“We wanted to make sure that as we see other policies that have come into play, and as we put this language together, that we were allowing companies to make potential changes to their process so that they can be good actors in this,” says Sen. Janeen Sollman (D-Forest Grove). “This was never set up as a gotcha. We wanted to make sure that we were good partners in this process.”

The bill passed 42-13 and enjoyed broad bipartisan support, with Republican Sen. Kim Thatcher, R-Keizer, co-sponsoring the bill. 

Republicans got on board once they saw that much of the business community was on board, Sollman says. One big supporter was Google, which described the measure as “a win for consumers who are looking for affordable repair options, for the environment, and for companies that want to invest in making their products more repairable and sustainable,” per a statement from Steven Nickel, Google’s devices and services director of operations. 

But even as the coalition of supporters broadened, Sollman says, the parts-pairing language remained an important sticking point. So Apple — which supported California’s Right to Repair legislation — did not follow suit when Oregon’s law was introduced, likely due to the parts-pairing language.

“Parts pairing was such a sticking point because I felt that if we eliminated the language that we had in the bill, it would essentially provide Apple the lane in which they could continue doing the practices that they do, which to me was very anticonsumer behavior,” Sollman says.

The current push to support tech consumers’ right to repair and to push back against manufacturers’ restrictive practices dates back to 2013, when the Digital Right to Repair Coalition — now known as the Repair Association — was formed in response to trends in electronics manufacturing. Manufacturers had stopped selling replacement parts or even making manuals available, and blocked customers and independent repairers from getting access to already installed firmware. 

Oregon was actually the first state to introduce Right to Repair legislation, in 2019. That bill died in committee, and two subsequent attempts to introduce a Right to Repair bill also failed. Oregon’s current effort was led by the Oregon State Public Interest Research Group, which built a coalition of support including Hyperion and BrainWave, as well as environmental organizations like the Oregon Environmental Council and governments like Oregon Metro and the League of Oregon Cities.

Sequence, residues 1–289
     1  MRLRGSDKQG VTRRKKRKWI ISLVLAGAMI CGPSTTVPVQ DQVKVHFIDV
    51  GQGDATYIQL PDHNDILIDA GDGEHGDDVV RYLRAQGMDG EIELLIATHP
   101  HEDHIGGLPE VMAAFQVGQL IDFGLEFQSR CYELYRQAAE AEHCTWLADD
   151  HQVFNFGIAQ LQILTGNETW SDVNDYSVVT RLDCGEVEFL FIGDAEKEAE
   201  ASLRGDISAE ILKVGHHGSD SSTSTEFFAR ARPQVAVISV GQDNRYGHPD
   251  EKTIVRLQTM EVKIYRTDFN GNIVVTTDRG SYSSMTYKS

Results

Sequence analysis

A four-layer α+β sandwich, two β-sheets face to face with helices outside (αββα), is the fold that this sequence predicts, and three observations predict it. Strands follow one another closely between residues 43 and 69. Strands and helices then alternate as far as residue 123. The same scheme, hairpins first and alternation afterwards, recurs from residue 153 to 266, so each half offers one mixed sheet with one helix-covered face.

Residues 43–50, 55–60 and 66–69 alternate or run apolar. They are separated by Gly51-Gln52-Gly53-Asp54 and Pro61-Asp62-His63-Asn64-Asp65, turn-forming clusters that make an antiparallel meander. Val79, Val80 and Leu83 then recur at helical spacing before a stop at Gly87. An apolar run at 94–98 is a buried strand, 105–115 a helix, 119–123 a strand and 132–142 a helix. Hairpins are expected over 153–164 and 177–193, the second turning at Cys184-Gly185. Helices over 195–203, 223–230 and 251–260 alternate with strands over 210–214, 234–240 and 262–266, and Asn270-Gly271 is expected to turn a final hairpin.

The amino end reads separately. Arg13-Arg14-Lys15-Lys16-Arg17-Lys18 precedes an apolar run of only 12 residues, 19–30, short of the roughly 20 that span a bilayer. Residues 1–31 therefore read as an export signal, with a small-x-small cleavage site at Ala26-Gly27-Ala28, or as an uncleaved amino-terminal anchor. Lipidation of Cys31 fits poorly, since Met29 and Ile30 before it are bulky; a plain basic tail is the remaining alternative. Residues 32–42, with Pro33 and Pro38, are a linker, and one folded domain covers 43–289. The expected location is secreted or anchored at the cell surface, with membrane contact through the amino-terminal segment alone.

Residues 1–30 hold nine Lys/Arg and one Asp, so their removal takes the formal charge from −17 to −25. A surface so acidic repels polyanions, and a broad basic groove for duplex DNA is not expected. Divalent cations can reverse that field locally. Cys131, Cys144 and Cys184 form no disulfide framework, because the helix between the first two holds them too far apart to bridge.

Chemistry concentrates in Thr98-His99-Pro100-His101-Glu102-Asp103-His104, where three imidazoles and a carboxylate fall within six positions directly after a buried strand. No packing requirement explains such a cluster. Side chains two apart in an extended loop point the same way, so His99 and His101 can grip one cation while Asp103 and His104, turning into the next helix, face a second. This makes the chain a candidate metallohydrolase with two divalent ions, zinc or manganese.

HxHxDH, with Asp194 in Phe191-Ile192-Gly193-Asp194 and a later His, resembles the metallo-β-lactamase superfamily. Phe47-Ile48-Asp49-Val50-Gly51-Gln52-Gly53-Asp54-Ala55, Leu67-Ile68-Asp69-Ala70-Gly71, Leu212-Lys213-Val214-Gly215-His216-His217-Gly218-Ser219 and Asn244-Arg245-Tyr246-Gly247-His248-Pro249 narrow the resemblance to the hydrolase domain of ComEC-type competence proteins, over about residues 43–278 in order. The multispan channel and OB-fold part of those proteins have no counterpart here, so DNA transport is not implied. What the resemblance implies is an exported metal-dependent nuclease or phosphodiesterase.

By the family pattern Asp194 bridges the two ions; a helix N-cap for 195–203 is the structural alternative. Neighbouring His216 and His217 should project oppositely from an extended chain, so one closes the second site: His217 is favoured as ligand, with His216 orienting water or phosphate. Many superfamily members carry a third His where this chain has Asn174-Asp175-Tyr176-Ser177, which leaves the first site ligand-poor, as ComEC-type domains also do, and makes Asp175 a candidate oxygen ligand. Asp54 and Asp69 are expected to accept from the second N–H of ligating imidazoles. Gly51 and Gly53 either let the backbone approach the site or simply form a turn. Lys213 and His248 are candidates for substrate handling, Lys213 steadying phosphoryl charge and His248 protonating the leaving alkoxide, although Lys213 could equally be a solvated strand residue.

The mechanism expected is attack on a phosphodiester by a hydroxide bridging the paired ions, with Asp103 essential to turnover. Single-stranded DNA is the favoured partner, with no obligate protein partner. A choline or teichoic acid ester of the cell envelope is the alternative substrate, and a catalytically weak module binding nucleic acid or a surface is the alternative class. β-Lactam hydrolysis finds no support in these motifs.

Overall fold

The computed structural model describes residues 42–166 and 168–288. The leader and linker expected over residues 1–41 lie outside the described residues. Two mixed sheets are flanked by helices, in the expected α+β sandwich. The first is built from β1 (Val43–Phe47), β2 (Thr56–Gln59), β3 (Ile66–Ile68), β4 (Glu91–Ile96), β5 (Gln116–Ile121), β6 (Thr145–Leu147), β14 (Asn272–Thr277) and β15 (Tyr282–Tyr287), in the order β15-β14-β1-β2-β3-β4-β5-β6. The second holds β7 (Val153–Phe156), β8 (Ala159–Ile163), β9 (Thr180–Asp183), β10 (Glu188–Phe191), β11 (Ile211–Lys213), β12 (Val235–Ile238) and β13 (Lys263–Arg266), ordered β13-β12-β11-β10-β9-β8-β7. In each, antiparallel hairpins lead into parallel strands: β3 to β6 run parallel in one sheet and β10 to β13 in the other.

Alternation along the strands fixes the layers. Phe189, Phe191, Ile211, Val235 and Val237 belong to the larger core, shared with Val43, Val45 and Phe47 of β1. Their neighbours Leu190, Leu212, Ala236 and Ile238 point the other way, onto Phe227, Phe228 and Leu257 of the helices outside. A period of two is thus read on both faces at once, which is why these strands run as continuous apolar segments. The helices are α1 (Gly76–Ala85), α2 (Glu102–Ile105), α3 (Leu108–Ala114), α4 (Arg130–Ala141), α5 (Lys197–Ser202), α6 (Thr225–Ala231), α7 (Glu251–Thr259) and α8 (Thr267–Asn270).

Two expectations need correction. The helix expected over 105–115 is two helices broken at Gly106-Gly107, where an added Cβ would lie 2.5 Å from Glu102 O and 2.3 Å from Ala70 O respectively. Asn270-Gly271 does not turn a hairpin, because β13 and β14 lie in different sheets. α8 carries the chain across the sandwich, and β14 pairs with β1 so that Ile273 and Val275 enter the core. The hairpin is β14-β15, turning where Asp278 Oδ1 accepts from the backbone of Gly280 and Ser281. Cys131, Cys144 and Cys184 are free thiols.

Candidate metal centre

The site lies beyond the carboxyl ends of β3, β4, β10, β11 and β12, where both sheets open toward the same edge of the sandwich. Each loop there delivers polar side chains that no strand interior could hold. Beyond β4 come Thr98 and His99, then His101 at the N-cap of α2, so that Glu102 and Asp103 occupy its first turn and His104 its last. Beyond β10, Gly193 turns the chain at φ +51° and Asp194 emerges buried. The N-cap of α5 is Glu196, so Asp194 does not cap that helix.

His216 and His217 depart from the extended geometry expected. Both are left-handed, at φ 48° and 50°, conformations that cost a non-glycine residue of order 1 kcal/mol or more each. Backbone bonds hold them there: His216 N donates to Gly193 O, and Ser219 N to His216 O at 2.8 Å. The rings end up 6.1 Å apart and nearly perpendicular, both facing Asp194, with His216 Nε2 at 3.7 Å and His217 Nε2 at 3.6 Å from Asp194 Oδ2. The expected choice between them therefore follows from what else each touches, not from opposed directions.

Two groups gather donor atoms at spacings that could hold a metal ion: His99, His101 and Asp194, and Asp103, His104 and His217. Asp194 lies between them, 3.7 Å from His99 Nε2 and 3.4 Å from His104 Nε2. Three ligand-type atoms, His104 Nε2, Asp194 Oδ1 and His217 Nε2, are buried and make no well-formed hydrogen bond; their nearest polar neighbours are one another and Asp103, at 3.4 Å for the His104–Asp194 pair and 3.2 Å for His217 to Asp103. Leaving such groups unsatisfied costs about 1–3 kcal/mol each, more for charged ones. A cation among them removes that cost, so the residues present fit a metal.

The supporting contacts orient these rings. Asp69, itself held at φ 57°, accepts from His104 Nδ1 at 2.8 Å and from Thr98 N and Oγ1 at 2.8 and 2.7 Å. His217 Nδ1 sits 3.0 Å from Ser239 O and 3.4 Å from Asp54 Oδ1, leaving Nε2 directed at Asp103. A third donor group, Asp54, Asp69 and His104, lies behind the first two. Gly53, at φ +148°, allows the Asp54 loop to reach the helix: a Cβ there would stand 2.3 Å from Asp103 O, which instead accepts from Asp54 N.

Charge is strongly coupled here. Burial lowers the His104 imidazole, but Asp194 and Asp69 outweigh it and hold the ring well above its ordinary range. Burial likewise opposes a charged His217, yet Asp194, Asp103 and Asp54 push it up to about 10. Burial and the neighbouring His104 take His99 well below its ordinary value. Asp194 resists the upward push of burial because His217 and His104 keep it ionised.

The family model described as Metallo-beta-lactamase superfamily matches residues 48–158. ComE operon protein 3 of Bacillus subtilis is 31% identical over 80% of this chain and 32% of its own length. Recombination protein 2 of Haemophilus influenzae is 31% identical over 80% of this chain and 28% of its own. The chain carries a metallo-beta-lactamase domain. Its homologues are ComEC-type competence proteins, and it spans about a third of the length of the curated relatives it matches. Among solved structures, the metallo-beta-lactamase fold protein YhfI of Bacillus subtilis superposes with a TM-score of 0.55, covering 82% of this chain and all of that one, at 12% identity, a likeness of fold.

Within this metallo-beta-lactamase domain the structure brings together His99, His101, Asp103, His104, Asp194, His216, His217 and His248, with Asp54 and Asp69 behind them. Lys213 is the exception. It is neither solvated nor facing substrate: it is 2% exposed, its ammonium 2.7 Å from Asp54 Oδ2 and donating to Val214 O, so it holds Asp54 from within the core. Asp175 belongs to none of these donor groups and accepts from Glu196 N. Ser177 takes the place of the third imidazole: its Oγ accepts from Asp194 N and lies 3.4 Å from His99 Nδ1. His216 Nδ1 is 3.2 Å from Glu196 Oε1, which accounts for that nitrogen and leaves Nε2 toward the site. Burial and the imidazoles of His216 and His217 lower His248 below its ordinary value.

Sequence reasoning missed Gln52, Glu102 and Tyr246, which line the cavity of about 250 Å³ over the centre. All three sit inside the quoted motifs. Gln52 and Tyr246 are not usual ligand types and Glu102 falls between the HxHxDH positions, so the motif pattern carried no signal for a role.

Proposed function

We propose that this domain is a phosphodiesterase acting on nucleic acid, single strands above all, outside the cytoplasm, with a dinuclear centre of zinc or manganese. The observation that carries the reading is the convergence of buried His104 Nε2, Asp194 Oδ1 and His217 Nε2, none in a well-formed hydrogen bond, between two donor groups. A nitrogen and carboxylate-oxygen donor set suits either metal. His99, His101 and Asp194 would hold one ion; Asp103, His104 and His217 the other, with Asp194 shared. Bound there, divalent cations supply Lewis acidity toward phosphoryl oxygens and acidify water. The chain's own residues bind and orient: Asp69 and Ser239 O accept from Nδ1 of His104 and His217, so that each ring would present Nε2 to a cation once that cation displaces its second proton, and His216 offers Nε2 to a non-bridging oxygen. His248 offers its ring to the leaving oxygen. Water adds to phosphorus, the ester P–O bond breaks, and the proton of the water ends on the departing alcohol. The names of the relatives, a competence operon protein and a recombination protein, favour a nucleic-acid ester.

In the interest of full disclosure: I worked for one of the organizations in the coalition, Free Geek, in 2005 and 2006, and have in recent months volunteered for two others — SCRAP PDX and Repair PDX — as a sorter of donated craft supplies and repairer of clothing. That is to say, I was not involved in the Right to Repair campaign, but my brief tenure at Free Geek piqued my interest in the problem of electronic waste. Electronics aren’t easy to recycle, and if disposed of in trash, they can leach toxic metals like mercury, lead and cadmium into soil and water. OSPIRG estimates that Oregonians dispose of about 4,800 cell phones every day, and that 85% of the energy and climate impact of cellphones is from the manufacturing process. So prolonging the life cycle of cellphones — not to mention computers and tablets — stands to have a real environmental impact. 

Since the passage of Oregon’s bill, Colorado has passed a Right to Repair law that also includes language prohibiting parts pairing — and includes language specifically mentioning wheelchairs and farm equipment, which are increasingly subject to similar restrictions on repairs. 

Oregon’s law includes some exceptions: It doesn’t apply to video- game consoles, medical devices, HVAC systems, devices powered by combustion engines and energy- storage systems.

A custom computer in Gibbs’ shop. Photo by Jason E. Kaplan

In addition to fixing computers, Gibbs refurbishes and sells used computers and recycles them — it’s the best way to teach interns how computers are built, he says — and is hopeful that the recent wave of legislation will impact not just the way electronics can be fixed but the way they’re made. 

“It’s definitely nice to have something that’s on our side rather than having to figure it out on our own,” Gibbs says. “I really hope it improves the relationship between repairers and manufacturers.”

Rigoberto Martinez, the three-year employee of BrainWave who asked Gibbs a question about PlayStation controllers, told Oregon Business he was a strong supporter of Right to Repair and a climate activist. He’s hopeful that the law will make it easier for do-it-yourselfers to access the right documentation, and to keep products out of landfills and recycling facilities for longer periods.

“If we can’t reduce, then at least reuse,” Martinez says. 

Godin says the new law is a win for just about everybody.

“It’s better for the consumer, better for the environment,” Godin says. “The only people it doesn’t benefit are shareholders of the [big tech] companies — and I’m sure they’ll be fine.”

Click here to subscribe to Oregon Business.